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Children's Eyewitness Memory: A Modern History and Contemporary Commentary

Authors

  • Gail S. Goodman

    Corresponding author
    1. University of California, Davis
      *Correspondence concerning this article should be addressed to Gail S. Goodman, Department of Psychology, University of California, 1 Shields Avenue, Davis, CA 95616 [e-mail: ggoodman@ucdavis.edu].
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  • I thank Bette L. Bottoms, Jodi A. Quas, Kathy Pezdek, Thomas D. Lyon, Phillip R. Shaver, Rick Hoyle, and several anonymous reviewers for comments on an earlier draft of this article.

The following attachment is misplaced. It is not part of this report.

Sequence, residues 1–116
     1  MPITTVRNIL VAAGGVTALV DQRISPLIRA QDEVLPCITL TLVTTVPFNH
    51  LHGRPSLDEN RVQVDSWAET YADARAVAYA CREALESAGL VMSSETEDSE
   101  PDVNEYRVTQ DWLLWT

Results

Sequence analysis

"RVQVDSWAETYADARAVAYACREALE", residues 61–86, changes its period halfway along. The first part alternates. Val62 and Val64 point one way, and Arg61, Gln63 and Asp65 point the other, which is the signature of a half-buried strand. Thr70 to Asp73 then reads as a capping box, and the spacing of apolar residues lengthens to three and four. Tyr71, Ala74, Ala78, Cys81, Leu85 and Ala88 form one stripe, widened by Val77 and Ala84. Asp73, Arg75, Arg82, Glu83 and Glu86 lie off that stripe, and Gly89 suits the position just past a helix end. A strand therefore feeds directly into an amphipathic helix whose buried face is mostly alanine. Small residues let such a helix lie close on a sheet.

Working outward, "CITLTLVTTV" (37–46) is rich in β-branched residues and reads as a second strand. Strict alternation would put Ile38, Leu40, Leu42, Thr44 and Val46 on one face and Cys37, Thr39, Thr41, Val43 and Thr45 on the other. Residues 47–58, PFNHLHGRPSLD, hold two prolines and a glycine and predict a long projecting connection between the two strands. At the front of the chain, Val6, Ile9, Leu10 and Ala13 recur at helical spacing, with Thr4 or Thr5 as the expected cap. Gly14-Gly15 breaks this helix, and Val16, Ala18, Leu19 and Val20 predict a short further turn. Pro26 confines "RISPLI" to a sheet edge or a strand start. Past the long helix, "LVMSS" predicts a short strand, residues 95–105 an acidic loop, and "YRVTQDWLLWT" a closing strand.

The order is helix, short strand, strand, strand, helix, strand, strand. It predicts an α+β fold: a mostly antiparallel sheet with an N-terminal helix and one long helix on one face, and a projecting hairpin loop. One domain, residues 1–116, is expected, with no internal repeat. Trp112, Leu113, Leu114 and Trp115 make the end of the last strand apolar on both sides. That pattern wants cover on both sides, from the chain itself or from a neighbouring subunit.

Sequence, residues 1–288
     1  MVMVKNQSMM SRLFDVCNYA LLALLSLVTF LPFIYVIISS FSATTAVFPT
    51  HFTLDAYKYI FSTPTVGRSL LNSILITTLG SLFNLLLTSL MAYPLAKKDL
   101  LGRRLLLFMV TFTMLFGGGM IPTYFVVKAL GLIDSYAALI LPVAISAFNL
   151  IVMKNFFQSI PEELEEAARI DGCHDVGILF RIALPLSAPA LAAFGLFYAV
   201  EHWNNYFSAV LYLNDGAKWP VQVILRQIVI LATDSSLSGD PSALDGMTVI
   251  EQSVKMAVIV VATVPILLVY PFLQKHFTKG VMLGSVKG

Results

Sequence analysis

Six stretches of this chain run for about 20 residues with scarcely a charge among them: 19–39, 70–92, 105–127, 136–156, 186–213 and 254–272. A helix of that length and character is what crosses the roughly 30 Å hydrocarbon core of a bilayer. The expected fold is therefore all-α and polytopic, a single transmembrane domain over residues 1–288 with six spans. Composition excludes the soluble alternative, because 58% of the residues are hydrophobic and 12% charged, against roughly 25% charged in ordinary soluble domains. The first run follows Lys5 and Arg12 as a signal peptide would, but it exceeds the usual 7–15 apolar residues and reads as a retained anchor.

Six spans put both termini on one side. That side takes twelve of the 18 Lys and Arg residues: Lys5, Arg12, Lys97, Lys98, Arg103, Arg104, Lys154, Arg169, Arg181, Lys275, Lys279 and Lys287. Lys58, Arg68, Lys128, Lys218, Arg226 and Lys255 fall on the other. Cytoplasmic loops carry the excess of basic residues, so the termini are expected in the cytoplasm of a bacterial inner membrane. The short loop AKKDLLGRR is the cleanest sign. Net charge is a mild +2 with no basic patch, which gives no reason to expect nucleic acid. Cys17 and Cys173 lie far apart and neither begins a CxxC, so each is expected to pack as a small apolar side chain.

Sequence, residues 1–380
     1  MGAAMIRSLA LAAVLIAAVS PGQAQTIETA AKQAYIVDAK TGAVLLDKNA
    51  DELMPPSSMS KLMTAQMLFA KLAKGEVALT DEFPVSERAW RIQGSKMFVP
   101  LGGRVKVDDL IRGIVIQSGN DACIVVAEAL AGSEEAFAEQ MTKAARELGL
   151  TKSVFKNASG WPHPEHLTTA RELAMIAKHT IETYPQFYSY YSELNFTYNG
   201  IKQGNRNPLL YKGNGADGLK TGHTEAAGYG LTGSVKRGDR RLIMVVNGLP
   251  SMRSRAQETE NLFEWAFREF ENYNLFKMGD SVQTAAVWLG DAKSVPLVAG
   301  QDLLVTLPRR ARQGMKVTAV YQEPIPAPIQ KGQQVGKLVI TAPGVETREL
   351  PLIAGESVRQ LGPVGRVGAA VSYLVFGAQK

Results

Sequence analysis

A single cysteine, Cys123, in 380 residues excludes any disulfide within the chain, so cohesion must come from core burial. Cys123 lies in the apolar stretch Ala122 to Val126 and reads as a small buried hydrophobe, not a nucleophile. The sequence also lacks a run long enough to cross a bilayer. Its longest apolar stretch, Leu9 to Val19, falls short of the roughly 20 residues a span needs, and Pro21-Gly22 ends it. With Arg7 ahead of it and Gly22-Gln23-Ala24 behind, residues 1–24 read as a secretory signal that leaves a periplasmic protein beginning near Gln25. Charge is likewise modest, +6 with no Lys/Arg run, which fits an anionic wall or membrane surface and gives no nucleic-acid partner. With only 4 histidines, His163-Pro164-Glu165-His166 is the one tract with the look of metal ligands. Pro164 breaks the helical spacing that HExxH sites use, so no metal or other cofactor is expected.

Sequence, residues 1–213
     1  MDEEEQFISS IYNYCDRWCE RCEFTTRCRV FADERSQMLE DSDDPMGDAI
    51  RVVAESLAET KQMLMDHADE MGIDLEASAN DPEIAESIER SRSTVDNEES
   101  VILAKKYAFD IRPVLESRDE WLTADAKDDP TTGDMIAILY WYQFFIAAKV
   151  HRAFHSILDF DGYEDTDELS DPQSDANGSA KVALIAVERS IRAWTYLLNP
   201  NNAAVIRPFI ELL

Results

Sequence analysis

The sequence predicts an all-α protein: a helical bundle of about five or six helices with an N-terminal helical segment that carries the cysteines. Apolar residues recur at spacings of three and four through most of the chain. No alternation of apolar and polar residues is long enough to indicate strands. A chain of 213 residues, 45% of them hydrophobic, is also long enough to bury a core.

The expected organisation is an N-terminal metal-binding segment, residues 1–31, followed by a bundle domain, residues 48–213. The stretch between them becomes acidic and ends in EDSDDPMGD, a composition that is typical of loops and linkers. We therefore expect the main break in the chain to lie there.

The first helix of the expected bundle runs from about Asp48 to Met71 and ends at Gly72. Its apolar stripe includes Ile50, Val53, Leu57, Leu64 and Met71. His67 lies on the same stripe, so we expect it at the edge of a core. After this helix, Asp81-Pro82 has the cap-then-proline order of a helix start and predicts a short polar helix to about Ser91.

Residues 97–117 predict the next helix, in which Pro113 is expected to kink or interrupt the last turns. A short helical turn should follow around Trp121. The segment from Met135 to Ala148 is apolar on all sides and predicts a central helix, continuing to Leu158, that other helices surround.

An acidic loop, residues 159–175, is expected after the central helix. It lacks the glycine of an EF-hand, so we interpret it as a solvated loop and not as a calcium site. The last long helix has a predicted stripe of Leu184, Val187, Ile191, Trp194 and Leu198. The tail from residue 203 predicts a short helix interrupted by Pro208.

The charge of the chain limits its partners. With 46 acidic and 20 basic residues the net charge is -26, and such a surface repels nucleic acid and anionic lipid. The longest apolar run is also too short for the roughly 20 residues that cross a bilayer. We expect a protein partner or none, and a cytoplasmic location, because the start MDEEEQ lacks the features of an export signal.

*Correspondence concerning this article should be addressed to Gail S. Goodman, Department of Psychology, University of California, 1 Shields Avenue, Davis, CA 95616 [e-mail: ggoodman@ucdavis.edu].

Abstract

This article provides a modern historical overview of child eyewitness research, as well as an evaluative commentary on the field, with special emphasis on children's eyewitness memory and suggestibility in child sexual abuse cases. Four historical periods are reviewed: the 1970s, 1980s, 1990s, and 2000s (to date). Examples of legal cases that inform scientific research are described, discussion of relevant laws is presented, and a review of selected studies is offered. It is concluded that although we have learned a great deal about children's eyewitness memory and suggestibility over the last few decades, simple answers are evasive and much more research is needed.

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